In an office set in central New Jersey's farmland, researchers are drawing blueprints for space communities built from moon rock and powered by huge solar satellites.

It may sound like science fiction, but Gregg Maryniak says such dreams could become reality at the start of the next century."We're trying to change from thinking of space as a void to thinking of it as a font of energy and material resources that makes it a good place for people," says Maryniak, executive vice president of the Space Studies Institute.

Maryniak and Gerard K. O'Neill, a nuclear physicist and professor emeritus at Princeton University who founded the institute in 1977, are among those driven by the belief that man is rapidly consuming the Earth's natural resources and making it uninhabitable with pollution and garbage.

They believe new energy sources could be developed in space.

"I see this kind of activity as one of the few bright rays of hope in a situation that otherwise appears to be hopeless," Maryniak said in an interview at the institute, which is housed at a former rocket engine plant.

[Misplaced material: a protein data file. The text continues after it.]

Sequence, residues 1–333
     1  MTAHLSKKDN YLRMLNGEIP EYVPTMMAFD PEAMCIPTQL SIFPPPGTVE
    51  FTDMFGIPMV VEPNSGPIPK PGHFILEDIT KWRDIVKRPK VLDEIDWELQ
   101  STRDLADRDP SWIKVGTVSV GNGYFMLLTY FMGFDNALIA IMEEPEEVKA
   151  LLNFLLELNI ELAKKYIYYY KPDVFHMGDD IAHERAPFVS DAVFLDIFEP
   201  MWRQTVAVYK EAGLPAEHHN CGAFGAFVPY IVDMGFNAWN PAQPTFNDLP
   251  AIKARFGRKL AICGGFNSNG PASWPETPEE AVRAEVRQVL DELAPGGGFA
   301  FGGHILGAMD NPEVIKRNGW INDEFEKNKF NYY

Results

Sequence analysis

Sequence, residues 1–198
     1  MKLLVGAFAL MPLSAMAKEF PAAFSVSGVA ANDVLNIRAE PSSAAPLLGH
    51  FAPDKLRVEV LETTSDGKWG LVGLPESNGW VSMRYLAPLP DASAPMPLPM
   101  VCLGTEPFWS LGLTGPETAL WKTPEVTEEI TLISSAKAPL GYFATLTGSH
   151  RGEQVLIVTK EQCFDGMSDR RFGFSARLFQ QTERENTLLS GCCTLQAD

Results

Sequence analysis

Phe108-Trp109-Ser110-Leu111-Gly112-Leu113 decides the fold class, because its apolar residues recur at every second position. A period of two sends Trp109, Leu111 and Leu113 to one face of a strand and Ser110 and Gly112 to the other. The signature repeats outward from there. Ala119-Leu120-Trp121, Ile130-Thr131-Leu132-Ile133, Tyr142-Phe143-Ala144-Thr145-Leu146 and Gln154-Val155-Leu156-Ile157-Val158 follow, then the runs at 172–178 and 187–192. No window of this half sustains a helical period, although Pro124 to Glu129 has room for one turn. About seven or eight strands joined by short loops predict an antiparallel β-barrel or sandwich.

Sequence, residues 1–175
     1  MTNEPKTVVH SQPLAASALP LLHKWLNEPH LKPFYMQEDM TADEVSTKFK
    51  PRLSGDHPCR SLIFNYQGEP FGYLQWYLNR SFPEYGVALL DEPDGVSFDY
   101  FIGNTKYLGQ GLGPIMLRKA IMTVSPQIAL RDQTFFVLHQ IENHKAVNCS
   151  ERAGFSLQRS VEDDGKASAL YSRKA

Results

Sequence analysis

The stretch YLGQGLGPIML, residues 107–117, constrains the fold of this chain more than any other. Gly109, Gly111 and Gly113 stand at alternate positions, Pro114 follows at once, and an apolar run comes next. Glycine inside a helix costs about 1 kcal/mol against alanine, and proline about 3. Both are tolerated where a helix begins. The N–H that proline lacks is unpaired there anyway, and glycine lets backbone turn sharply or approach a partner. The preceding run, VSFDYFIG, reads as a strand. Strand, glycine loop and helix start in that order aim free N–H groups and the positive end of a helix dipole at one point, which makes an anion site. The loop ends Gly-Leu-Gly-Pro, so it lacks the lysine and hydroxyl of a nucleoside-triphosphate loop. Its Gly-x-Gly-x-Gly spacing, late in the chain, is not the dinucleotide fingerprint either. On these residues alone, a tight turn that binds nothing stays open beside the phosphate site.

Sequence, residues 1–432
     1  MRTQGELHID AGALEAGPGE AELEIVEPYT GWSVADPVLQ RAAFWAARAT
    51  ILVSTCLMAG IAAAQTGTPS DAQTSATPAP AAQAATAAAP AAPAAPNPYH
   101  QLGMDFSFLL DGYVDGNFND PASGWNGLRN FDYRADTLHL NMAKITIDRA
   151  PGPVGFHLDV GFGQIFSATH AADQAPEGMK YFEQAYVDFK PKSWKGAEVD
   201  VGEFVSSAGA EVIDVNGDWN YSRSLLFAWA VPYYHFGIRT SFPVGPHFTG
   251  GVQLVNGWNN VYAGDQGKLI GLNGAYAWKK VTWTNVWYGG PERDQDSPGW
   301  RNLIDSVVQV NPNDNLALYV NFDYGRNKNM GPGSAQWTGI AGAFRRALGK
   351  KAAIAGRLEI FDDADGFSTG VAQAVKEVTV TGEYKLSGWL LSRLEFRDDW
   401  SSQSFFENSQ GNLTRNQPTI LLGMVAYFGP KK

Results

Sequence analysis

Since it's too expensive to carry materials into space, scientists must develop construction materials that are already available there, he said. The closest source is the moon.

The private, non-profit institute already has developed three prototypes of a "mass driver" - a machine used to launch baseball-size fragments of mined moon rock to a central collection place in space. Maryniak describes the collection spot as a "celestial catcher's mitt."

He says moon rock, composed mainly of oxygen, silicon and metals, can be broken into building materials and fuel using solar energy.

The latest mass driver is a tube 11/2-feet wide and 500 feet long that propels material into space at a rate of 11/2 miles per second.

The moon rock could be used to build solar power satellites that would collect sunlight, convert it to electricity and beam it to earth.

Such satellites, up to 5 miles long and 11/2 miles wide, could produce as much electricity as three or four nuclear reactors and provide all the energy needs of a city the size of New York or Chicago, Maryniak says.

Totally self-sufficient space cities could be built with agricultural areas, controlled atmosphere, water supplies and gravitational field. Such cities would house tens of thousands of people and have trees, rivers and birds.